Do you ever feel that philosophy is under attack? That it could be taken over by another enterprise? That it could be forgotten? Aristotle says, “don’t worry”.
Aristotle was a prolific writer. He wrote approximately 400 works out of which still many have survived and constitute what is known to be the Corpus Aristotelicum. One of his less widely known but still sometimes quoted piece is his Protrepticus, essentially an invitation to engage with philosophy (the ancient Greek verb “προτρέπω” from which Protrepticus originates means “to urge” or “to motivate”). It is believed that it was written when Aristotle was still in Athens as one of Plato’s students at the Academy. What we now recognize as the Protrepticus had quite a troublesome history. The text did not survive in its entirety; instead, various of its fragments were found in the work of Iamblichus of Chalcis who was a neo-Pythagorian thinker of the third century A.D. (1). The fragments were reconstructed in order to form the scaffold of Aristotle’s ideas. This process was rather intricate and required strenuous philological effort. Nevertheless, we were lucky that this particular text has reached us.
The Protreptic Dilemma, as it is known, is the young philosophy student’s solace as well as motivation for professionals of the field; it shows that it is impossible for philosophy to lose its use and ultimate value. Upon deciding to enter the field of academic philosophy, one may hear that pursuing philosophy is not worth the while, it is too abstract, too detached from real life, and it won’t get you a job anyway. Some may even feel that philosophy has been under attack for the past decade, just as the humanities in general. It seems, however, that Aristotle has already offered us an ingenious response that cures all doubt that philosophy is essential to our life. The writer of the Protrepticus suggests that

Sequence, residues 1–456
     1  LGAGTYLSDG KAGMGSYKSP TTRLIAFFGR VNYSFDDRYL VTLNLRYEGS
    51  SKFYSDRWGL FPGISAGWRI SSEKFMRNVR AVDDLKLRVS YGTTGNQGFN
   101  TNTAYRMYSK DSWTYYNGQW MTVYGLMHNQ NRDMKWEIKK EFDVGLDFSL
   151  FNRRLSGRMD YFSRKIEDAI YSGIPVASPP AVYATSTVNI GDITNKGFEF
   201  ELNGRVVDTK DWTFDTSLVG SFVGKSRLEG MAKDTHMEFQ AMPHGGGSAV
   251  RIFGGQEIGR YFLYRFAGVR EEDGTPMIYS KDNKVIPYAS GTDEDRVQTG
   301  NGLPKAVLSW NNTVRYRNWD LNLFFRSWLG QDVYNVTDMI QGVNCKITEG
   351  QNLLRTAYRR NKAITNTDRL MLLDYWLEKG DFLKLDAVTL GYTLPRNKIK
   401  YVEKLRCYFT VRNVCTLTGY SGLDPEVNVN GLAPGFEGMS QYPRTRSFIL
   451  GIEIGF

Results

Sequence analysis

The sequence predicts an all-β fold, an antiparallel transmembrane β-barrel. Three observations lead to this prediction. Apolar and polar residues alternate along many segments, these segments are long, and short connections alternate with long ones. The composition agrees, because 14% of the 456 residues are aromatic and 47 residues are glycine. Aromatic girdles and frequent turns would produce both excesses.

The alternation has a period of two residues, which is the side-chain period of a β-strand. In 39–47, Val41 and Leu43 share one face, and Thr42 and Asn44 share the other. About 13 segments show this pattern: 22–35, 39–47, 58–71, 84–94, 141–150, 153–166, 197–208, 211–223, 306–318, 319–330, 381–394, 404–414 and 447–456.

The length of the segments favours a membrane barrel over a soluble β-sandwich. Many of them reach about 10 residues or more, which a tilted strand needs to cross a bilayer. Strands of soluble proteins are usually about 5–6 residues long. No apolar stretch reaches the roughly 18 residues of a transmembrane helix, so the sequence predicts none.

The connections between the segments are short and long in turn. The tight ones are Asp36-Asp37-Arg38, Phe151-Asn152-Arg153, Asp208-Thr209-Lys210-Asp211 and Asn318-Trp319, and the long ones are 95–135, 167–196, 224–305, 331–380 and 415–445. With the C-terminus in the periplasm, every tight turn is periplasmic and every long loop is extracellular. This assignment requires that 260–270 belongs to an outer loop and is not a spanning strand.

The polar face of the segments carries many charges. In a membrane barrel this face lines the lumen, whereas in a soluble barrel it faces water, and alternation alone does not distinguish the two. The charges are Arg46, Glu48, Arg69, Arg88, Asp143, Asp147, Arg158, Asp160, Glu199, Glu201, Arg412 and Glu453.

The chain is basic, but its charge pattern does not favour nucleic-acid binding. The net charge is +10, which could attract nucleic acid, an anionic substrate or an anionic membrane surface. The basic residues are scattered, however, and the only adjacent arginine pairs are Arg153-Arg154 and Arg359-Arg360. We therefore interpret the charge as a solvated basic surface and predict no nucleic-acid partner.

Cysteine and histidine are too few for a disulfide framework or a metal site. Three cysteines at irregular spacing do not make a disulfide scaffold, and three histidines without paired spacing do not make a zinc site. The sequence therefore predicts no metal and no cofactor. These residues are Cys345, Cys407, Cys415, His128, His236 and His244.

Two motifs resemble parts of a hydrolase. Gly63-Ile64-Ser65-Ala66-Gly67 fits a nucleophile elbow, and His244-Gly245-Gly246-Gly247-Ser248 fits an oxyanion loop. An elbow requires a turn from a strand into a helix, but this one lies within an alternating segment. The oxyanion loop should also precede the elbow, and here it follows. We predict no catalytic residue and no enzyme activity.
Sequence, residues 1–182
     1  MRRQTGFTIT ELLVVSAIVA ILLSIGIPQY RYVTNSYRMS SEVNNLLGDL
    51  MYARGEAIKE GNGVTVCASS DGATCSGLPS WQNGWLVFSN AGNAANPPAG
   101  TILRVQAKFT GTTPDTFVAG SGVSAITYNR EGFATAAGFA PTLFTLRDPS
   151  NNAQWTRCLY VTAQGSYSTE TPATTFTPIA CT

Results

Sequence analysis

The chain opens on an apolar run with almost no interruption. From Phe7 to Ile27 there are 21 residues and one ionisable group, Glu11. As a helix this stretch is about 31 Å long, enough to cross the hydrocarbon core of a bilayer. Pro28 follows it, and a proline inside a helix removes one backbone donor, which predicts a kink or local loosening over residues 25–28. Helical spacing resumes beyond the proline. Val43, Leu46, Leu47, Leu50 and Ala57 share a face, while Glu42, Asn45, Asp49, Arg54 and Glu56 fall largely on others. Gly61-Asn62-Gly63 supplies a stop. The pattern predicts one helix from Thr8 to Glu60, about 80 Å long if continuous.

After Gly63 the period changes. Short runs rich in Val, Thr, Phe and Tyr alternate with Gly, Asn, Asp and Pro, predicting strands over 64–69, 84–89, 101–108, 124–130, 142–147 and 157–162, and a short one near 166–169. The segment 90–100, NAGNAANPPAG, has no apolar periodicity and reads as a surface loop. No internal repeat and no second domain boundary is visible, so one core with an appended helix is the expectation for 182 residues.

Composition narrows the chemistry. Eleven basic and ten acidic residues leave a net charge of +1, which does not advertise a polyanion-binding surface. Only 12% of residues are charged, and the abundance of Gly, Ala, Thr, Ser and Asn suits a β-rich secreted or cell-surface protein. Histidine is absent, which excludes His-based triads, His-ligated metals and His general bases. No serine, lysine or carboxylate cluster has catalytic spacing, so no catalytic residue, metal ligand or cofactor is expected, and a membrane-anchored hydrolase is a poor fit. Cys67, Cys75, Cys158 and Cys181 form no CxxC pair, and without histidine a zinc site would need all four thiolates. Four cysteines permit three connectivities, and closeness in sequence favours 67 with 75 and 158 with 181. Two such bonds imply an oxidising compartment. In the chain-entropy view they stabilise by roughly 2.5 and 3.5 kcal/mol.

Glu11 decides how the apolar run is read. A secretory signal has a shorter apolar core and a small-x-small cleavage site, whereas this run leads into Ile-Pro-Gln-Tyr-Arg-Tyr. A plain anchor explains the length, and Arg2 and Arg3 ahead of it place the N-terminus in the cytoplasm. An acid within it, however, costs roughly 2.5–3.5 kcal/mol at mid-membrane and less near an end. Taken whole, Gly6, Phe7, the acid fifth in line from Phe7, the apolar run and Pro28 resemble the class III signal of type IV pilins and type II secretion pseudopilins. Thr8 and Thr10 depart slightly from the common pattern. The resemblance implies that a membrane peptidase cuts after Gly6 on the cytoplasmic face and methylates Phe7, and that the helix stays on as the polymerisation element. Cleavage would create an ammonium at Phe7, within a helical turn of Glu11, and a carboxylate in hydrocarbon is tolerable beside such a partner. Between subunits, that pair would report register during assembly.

“If you ought to philosophize you ought to philosophize; and if you ought not to philosophize you ought to philosophize: therefore, in any case you ought to philosophize.”
And he continues to elaborate it as follows:
“For if philosophy exists, we certainly ought to philosophize, since it exists; and if it does not exist, in that case too we ought to inquire why philosophy does not exist — and by inquiring we philosophize; for inquiry is the cause of philosophy.” (2)
It is inevitable that we philosophize. It is embedded in human nature to wonder and question, to doubt and examine. And it is not merely a value judgment to say that “the unexamined life is not worth living”. The Socratic dictum “ὁ δέ ἀνεξέταστος βίος οὐ βιωτός ἀνθρώπῳ” implies that the un-philosophical life is not fully experienced. Another translation, more literal, is that the unexamined life is not viable. (3) Humans by natural inclination are prone to thinking and reasoning. How could they really live without it?
Philosophy will never lose its worth; during different times and contexts, it may seem that people underestimate it, mock it, or even resent it. There are also philosophers who have notably abandoned philosophy and turned to literature and art for instance (a famous case is that of Richard Rorty). But every time a human mind ponders upon anything (from the most trivial question to the deepest and most enigmatic one) it is proof that “all human beings by nature desire to know” a statement famous as the beginning of Aristotle’s Metaphysics Book I. (4) It is proof that philosophy is deeply rooted in our lives and in our nature.
(1) For biographical information: https://www.britannica.com/biography/Iamblichus.
(2) The Complete Works of Aristotle, ed. Jonathan Barnes, 2 vols. (Princeton: Princeton University Press, 1984), 2:2416–17.
(3) The quote “ὁ δέ ἀνεξέταστος βίος οὐ βιωτός ἀνθρώπῳ” is uttered by Socrates in Plato’s Apology, 38a.
(4)In the original: “Πάντες ἄνθρωποι τοῦ εἰδέναι ὀρέγονται φύσει”, Metaphysics Book I.
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